Yahoo News’ recent article entitled “How a Non-Grantor Trust Works” says that a grantor trust lets the grantor (the person creating the trust) maintain certain powers of the trust. No matter the scope of the powers involved, what’s unique about grantor trusts is their tax treatment—the trust grantor is responsible for paying income tax on the trust assets. Any income the trust generates or receives is taxable to the grantor, who reports it on their personal tax return. Non-Grantor Trusts can be useful in a number of situations.
A non-grantor trust is any trust that isn’t a grantor trust. As a result, they can’t revoke or change the terms of the trust or make changes to trust beneficiaries. This lack of control means that a non-grantor trust is treated as a separate tax entity. Therefore, the trust itself must pay taxes on any income that’s received and file a tax return. A non-grantor trust can offer certain tax benefits to the trust grantor: (i) the grantor wouldn’t have to pay tax on the trust income, which may be a benefit where the grantor prefers to assume no further financial responsibility for the trust or its assets; and (ii) there can be positive tax implications, if the trust beneficiaries are in a lower tax bracket than the grantor. When trust income is distributed to beneficiaries in a lower tax bracket, it may be taxed at a lower rate than it would if the grantor were being taxed.
Ask an experienced estate planning attorney about a non-grantor trust if you run a business, since the Qualified Business Income (QBI) deduction lets eligible taxpayers deduct up to 20% of qualified business income, as well as 20% of qualified real estate investment trust (REIT) dividends and qualified publicly traded partnership (PTP) income. If you own a business, and your income is above the allowed threshold to qualify for the QBI deduction, you could create a non-grantor trust as a work-around and divide the ownership of your business assets and its associated income. This may let you qualify for the QBI deduction.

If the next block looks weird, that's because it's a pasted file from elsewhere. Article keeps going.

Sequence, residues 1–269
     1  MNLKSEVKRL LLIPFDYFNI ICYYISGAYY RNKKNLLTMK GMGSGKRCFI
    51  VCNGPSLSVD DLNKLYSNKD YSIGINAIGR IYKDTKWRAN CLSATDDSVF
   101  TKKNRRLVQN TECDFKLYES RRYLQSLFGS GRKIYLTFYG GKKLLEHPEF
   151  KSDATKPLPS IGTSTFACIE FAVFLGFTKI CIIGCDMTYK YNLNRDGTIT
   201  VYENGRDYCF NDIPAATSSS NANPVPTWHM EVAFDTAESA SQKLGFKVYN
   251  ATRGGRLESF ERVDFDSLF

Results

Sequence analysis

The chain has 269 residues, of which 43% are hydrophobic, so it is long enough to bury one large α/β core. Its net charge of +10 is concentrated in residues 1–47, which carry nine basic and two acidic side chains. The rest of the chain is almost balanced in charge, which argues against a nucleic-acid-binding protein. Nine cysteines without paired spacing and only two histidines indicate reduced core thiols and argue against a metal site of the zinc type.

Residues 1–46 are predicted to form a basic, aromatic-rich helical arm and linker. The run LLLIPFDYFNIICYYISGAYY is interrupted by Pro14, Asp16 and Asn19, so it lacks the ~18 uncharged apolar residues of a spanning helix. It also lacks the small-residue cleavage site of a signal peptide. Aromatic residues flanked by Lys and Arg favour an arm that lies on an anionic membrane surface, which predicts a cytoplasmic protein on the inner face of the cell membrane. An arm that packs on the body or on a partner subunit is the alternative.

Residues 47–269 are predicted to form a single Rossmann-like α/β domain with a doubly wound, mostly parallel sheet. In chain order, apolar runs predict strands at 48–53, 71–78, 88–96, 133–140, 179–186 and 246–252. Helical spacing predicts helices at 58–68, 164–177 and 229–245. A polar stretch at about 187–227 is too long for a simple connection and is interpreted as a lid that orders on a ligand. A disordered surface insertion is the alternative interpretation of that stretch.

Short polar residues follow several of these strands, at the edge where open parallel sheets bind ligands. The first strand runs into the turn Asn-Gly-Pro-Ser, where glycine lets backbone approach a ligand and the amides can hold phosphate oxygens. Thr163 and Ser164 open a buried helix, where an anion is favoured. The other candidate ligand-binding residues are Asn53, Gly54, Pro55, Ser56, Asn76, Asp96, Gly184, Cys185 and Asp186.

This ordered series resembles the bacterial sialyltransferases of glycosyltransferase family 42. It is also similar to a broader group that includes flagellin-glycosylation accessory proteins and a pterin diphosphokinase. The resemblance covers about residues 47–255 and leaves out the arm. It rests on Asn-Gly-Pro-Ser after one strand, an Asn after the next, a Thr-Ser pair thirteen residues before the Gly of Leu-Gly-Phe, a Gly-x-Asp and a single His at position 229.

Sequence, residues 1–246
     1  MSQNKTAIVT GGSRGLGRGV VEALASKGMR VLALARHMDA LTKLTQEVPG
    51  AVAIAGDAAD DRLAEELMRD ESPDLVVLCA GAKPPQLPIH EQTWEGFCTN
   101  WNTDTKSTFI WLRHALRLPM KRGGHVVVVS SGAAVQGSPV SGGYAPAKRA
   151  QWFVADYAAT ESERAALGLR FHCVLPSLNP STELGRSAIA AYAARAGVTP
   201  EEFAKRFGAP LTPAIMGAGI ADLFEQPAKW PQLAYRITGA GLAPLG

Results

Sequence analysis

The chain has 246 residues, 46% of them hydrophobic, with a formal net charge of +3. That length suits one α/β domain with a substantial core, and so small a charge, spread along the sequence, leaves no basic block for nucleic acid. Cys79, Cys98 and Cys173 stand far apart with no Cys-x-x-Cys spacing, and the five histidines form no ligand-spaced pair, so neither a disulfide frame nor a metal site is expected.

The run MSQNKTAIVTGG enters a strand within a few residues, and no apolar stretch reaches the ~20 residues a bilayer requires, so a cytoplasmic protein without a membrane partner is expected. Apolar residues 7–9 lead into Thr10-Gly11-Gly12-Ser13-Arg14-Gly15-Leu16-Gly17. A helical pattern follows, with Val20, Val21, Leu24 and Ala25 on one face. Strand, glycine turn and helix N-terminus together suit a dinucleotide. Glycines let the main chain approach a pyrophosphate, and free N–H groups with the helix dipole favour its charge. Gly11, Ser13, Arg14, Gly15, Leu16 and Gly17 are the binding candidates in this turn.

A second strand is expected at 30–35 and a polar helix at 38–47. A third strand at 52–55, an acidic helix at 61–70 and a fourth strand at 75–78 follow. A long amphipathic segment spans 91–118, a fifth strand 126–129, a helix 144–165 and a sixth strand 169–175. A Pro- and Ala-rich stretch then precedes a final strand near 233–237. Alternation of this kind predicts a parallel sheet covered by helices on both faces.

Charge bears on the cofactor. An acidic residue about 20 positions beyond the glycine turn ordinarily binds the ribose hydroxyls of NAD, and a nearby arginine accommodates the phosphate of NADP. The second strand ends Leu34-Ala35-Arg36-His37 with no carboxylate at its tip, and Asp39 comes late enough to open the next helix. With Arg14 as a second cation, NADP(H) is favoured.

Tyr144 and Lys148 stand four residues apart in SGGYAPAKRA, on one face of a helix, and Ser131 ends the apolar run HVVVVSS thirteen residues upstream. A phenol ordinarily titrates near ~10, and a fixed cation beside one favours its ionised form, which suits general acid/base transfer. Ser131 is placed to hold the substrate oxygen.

However, there are some potential drawbacks with non-grantor trusts. Remember, the trust grantor lacks control of what happens with trust assets. It is also important to consider how any transactions between you as the grantor and the trust may be taxed. Certain interactions, including the movement of assets or income between the two, is taxable because you and the trust are two separate entities, which may mean taxes for one or the other.
In addition, an incomplete non-grantor (ING) trust is a type of trust that’s used for asset protection. It’s frequently used by those who live in states with high income tax rates or no state income tax. If you live in a state with high income tax rates, you could create an incomplete non-grantor trust and fund it using appreciated assets that have a low tax basis. If the trust is created in a state that has lower income tax rates or no state income tax, it may reduce the grantor’s tax bill when later selling those assets.
Incomplete non-grantor trusts can also allow you to transfer ownership of assets to the trust without paying gift tax. There are also the other tax benefits associated with non-grantor trusts.
Non-grantor trusts can be useful in a variety of circumstances. Ask an experienced estate planning attorney if one would be useful for your tax and estate planning situation. If you would like to learn more about trusts, please visit our previous posts.
Reference: Yahoo News (Nov. 9, 2021) “How a Non-Grantor Trust Works”